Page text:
ZDNet Adds Zip to Ziff
When I last looked at Ziff-Davis (NYSE: ZD), a leading publisher of tech-oriented magazines and host of the popular Comdex trade shows, the stock had been pummeled to a lowly $4 a share. Just six months later, it sits at $20 1/16, up 400% but still well off its high of $29 hit just last Tuesday.
Arguably, Ziff-Davis was simply cheap back in October, with its Internet assets valued at close to nothing. So as the overall market recovered from panic, this stock had even further to climb than most. Moreover, Ziff depends on advertising spending by PC companies. As it became clear that the U.S. economy would not fall into a recession that would exacerbate global troubles for tech companies, the overall outlook for ad spending brightened.
On the other hand, Ziff's recent results have hardly been the stuff of five-baggers. For the December period, revenues declined by 6.3% year-over-year to $378 million. Even backing out a Q4 FY98 restructuring charge of $52 million, pre-tax income fell 6.7% to $68 million. Excluding the charge, net earnings per share sank to $0.40 from $0.73 a year ago. Media companies are often valued based on their EBITDA (earnings before interest, taxes, depreciation, and amortization), but Ziff's EBITDA plunged 13% to $138 million in Q4.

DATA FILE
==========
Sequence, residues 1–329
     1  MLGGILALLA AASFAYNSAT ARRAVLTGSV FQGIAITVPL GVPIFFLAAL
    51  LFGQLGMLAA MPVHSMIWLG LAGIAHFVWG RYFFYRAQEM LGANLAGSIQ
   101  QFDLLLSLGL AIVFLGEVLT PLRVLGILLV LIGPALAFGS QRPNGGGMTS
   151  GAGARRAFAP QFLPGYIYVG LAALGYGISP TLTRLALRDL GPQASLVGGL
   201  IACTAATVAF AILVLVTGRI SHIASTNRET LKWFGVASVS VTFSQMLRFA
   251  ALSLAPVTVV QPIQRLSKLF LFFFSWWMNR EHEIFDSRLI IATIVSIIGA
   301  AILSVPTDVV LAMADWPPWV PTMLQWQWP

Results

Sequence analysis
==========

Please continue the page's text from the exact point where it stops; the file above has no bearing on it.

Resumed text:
The reasonable conclusion, then, is that most of Ziff's stellar performance since October can be chalked up to one thing: ZDNet, the firm's Internet unit. Last Wednesday marked the introduction of a tracking stock for ZDNet (NYSE: ZDZ), with 10 million shares sold to the public at an IPO price of $19. The stock quickly doubled, topping out at $55 1/2 on Monday before closing today at $39. Though ZDNet's results will still be consolidated with those of the parent company, which retains an 84% ownership stake in ZDNet, the new stock is designed to track this separate unit, allowing investors to participate more directly in its success and failure. (Click here for more on tracking stocks.).